Posted by Iain Brunt on 09/10/2020
For the Art's Sake, Let’s Take Antiques Online.
Nothing beats holding a vintage antique in your hands. Or does it?
Even though many Antique Markets were set to stay on schedule for October,
new restrictions imposed by government have now put that schedule in doubt.
Global uncertainty drove the world to start making its purchases online, and the
antiques marketplace is no different.
At Antiques.co.uk, we have understood the needs of the “web surfer” for over
twenty years. We are the UK’s longest-running antiques website, and the sudden
surge in interest for online antiques was no surprise to us.
Access a large market of antiques despite lockdowns
National uncertainty continues to keep people at home. If a fair is cancelled, will there be a refund for one’s ticket? And, if the fair goes along as scheduled, is it really worth the risk?
Even though public events must all meet Public Health England’s guidelines for safety, one is always more at risk in a social gathering than at home.
The trend, now, is to buy online, from the comfort of one’s home.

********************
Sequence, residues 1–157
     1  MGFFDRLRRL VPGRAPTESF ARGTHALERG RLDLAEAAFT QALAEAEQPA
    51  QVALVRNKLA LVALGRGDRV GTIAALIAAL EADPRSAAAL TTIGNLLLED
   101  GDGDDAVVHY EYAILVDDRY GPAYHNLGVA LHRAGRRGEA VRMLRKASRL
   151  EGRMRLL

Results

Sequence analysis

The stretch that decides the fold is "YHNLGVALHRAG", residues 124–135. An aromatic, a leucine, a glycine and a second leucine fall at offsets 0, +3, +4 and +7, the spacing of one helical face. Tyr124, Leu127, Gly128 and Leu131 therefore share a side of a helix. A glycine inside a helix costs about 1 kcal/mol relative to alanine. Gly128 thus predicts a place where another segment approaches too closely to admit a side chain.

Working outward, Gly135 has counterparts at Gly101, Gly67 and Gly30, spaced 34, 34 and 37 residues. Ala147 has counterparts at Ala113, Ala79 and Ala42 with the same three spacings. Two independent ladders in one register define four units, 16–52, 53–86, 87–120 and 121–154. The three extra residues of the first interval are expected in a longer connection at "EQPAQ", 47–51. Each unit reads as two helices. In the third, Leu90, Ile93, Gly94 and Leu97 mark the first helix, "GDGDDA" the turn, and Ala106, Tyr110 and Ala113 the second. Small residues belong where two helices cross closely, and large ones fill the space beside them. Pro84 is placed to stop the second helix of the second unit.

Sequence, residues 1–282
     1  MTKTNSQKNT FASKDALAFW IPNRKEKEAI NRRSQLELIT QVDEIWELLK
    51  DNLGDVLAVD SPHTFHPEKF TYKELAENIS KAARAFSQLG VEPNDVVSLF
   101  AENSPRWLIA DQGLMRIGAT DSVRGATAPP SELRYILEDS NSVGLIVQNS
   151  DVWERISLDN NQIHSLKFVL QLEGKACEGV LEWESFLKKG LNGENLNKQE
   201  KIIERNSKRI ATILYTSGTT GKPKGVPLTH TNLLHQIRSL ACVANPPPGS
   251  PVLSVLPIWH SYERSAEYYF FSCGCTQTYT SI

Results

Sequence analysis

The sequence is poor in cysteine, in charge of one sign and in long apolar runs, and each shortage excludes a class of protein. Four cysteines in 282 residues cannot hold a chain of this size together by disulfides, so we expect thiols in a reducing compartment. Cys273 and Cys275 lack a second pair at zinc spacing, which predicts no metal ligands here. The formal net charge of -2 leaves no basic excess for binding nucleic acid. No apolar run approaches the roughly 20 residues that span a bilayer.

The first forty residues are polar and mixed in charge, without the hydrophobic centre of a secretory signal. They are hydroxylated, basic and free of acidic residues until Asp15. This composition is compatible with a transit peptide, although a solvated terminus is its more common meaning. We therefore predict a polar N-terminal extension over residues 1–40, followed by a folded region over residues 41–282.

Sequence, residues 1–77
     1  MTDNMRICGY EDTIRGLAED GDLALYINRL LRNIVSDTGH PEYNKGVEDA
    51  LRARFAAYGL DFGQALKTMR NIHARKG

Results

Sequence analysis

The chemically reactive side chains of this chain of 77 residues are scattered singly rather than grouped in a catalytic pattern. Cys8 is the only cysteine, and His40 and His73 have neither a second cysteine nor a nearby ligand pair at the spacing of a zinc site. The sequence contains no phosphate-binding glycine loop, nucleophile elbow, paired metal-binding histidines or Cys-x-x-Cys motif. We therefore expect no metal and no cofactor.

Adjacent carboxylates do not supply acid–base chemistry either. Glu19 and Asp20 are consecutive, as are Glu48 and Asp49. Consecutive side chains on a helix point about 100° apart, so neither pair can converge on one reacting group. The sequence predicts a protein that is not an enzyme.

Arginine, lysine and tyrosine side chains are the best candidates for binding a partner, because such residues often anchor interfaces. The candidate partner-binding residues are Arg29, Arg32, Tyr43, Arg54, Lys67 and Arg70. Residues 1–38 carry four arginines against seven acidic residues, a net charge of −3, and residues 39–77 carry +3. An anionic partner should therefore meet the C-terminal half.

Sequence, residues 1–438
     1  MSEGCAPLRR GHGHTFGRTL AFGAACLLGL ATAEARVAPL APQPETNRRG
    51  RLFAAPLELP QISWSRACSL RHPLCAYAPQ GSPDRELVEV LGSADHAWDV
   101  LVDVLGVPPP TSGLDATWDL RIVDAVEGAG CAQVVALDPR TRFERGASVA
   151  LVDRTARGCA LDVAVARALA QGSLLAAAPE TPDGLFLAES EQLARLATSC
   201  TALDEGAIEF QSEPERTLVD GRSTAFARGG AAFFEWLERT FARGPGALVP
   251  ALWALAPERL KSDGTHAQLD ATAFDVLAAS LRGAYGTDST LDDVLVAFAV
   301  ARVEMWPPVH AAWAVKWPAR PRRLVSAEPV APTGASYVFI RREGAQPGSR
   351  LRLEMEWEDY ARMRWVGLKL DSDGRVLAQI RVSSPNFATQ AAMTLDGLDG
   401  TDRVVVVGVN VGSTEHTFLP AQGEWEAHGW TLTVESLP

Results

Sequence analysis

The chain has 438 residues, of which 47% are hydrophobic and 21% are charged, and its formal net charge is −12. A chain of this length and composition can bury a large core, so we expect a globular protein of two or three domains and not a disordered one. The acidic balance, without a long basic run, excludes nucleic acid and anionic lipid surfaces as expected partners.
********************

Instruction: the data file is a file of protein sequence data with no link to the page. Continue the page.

Buying and selling antiques online
Many companies were caught flat-footed when the first lockdown hit. Antique stores, especially, were accustomed to having walk-in traffic, only to be told that, now, they must either conduct their business online or close up shop.
It is an enormous task to set up an online presence as an antique store. It isn’t only a matter of putting up a website and taking a bunch of pictures of products.
Setting up a website, these days, can sometimes feel like starting a new business.
Because the task is formidable.
The matter is exacerbated when one wants to accept payments online. There are laws regulating how this can be done, and a number of security measures that need to be implemented in order to keep online purchases secure.
Those purchases then need to be logged into a central inventory system, invoicing system, and so on.
Really, who has the time (or the funds, in these uncertain times) to do this?